Approximately 3,000 students will be welcomed back to the Wayne County Schools campus on the first day of classes on Wednesday, August 14.
Orientation activities are underway at each of the five school
buildings. Kindergarteners through seniors and their families are
learning everything from codes of conduct to bus routes to meal plans
as general expectations are shared for the 2019-2020 school year.
Instruction continues to be the focus for the Wayne County School
system. Kentucky has new standards for reading, writing, math,
health/PE and computer science. Teachers have been preparing for
implementation of these standards since the spring. High quality
reading instruction, with a special emphasis on meeting individual
student needs will continue to be the goal.
This year, school security will be emphasized with the assistance of
two school resource officers already in place that monitor hallways
and patrol the campus. With the recent enactment of KRS 158.162,
Wayne County Schools will be implementing some new required
procedures for visitors to the schools.
All entrances into the schools will be locked at all times, with the
main entrance to have an electronic system to buzz visitors into the
main offices. Along with the enactment of this new Kentucky law,
schools will have a common protocol to go over with visitors before
they enter the building and common signage as listed below will be
posted at all main entrances.
Welcome to the Wayne County Schools! Keeping our students and
staff safe is our top priority. Therefore, we screen all visitors to
enter our building. Please comply with the following steps:
• Press button to call school secretary.
• When asked, state your name and the reason for your visit.
• Upon entering the building, please report directly to the main
• Please be ready to show identification.
• If you will be staying in the building, you will be asked to wear
a visitor badge.
"While it is not always required to have an appointment, we strongly
urge visitors to call in advance and set up an appointment. Visitors
will be asked if they have an appointment, as part of the protocol
before they enter the school. If a visitor does not have an
appointment, it may be necessary to have the secretary make an
appointment. We do not want to disrupt instructional time for our
students," explained Wayne County School Superintendent Wayne Roberts.
"We want our schools to be welcoming and we encourage parent
involvement; however, the times we are living in dictate a stronger
focus on security," said Roberts. "We are implementing this new
mandate and adding more resources and trainings in order to be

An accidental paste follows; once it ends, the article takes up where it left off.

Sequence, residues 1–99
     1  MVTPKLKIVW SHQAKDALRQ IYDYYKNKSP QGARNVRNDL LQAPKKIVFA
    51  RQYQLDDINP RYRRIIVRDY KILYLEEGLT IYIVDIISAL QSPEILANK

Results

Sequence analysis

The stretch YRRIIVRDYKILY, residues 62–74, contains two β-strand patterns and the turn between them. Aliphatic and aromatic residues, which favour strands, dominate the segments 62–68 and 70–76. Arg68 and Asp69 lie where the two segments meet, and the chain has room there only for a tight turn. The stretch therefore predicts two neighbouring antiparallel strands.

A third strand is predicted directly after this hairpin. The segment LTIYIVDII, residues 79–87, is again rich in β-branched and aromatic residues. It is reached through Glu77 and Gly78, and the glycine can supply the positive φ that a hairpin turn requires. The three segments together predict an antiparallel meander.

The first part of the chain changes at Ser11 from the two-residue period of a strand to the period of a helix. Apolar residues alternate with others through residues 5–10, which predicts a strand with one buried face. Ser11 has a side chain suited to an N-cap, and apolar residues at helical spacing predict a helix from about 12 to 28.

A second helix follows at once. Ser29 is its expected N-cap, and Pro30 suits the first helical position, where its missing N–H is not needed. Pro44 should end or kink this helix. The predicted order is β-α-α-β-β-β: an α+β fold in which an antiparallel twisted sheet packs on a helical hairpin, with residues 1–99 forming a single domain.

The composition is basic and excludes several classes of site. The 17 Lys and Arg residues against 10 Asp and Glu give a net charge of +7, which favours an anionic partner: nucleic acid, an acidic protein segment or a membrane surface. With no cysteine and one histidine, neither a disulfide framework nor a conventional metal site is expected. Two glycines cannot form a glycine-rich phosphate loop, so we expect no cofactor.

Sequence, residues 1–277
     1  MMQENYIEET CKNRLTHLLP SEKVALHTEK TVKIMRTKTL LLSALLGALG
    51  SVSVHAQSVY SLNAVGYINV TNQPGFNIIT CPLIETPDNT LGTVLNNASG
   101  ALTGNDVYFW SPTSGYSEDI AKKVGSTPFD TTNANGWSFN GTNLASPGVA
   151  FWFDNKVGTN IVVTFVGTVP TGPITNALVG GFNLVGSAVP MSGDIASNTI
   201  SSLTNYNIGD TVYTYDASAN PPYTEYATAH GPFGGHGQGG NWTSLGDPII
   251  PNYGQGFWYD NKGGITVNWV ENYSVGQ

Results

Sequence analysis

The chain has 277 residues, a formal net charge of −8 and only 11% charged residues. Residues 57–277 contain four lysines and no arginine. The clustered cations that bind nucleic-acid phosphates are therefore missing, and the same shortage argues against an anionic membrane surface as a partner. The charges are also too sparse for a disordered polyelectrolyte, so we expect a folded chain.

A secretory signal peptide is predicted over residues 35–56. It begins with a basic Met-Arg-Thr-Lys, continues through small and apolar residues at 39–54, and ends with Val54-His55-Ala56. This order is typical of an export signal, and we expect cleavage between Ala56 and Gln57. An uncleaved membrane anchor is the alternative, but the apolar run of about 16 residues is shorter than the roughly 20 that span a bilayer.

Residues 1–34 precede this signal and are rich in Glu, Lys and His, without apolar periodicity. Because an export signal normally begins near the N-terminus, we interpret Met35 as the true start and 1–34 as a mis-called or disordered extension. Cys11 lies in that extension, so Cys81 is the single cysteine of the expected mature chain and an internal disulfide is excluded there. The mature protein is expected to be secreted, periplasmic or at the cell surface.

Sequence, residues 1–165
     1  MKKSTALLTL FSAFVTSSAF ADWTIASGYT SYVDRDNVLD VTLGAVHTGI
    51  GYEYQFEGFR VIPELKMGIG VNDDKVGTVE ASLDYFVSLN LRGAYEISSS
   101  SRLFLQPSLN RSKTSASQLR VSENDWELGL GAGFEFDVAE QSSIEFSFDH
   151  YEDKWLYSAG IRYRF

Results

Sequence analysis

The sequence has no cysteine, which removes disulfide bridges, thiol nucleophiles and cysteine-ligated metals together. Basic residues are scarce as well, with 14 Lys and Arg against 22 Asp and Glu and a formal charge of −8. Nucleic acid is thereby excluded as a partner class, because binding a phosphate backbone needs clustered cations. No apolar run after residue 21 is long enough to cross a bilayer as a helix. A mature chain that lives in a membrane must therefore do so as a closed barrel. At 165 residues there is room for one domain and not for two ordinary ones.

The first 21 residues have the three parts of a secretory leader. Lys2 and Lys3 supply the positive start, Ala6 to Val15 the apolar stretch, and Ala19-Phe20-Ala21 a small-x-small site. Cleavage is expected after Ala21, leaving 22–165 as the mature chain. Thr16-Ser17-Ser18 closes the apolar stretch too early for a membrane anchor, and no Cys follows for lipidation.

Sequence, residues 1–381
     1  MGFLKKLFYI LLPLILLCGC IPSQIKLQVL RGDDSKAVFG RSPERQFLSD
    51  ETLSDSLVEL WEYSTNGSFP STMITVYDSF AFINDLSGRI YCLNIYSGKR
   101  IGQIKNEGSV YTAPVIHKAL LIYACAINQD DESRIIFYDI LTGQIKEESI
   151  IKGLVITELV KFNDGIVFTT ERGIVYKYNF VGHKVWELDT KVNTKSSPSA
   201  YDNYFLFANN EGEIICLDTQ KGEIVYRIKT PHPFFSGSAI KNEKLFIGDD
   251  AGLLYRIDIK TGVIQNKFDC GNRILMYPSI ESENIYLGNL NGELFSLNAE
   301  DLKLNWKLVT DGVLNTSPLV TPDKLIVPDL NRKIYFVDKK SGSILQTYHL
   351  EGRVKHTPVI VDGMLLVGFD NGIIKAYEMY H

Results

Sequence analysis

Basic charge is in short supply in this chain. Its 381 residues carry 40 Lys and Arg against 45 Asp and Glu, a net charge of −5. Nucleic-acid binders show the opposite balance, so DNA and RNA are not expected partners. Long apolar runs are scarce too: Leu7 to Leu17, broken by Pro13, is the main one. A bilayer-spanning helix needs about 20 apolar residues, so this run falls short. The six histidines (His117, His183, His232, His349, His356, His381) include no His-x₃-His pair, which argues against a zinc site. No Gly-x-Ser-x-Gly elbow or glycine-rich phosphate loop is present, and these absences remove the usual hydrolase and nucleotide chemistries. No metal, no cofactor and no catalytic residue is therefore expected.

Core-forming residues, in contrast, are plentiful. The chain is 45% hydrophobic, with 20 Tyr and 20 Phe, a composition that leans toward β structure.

prepared for as many scenarios as possible, in hopes that they never
If visitors arrive to pick up their child, they will be asked to
show their Identification and must be on the approved parental parent
pick up list.
"While some of our schools had already implemented the controlled
entrance concept, visitors can expect a more thorough process of
vetting prior to being admitted, and this will include visitors who
are already known to front office staff," noted Wayne County Safe
Schools Coordinator Stewart York. "In addition, classroom doors will
remain closed and locked during instructional time in the near future."
York said a threat assessment team has been appointed at each
school as a proactive measure. They will be participating in training
later this week concerning the Comprehensive School Threat Assessment
Guidelines, formerly known as the Virginia Threat Assessment. This
training will consist of procedures for these school-based teams to
recognize and analyze a wide range of potentially violent situations,
and to assess and respond effectively to those threats. Multiple
student and staff trainings will follow after classes begin, as well
as continuing valuable ties with local law enforcement.
"We will also be training on a trauma informed approach that
includes recognizing symptoms and trauma in students, and utilizing
interventions and strategies to support the learning needs of those
students. School counselors and school based mental health services
providers will be trained first, and then other staff will receive
training from them as time progresses," explained York.
While most students have been off for the summer, numerous
professional staff development trainings have been held in-house on
all kinds of instructional and special service topics. For instance,
on Tuesday, August 6, the annual eight-hour update training was held
for transportation employees. Safety, first aid, and practical
driving tips and classroom instruction were on the agenda. A fleet of
close to 70 school buses have been inspected that travel 2,600 miles
a day transporting students. Five new buses will be on the road,
along with eight newly purchased used buses that have all been upgraded.
"We will hold bus evacuation drills during the school day during the
first couple weeks of school so every student can be reached
regardless of whether they are transported by bus on a daily basis,
or merely ride our buses on field trips or to extra-curricular
events," said Wayne County Transportation Director Don Neal.
Motorists need to be cautious when the three different loads of
students are on the roads, especially between the hours of 6:00-8:00
a.m. and 3:30-4:30 p.m. Preschool buses with monitors also travel
during mid-day routes between 10:00 a.m. and 1:30 p.m.
Drivers are asked to always be conscious of stops the buses make
along their routes, where stop arms and blinking lights signal
motorists to stop going either direction.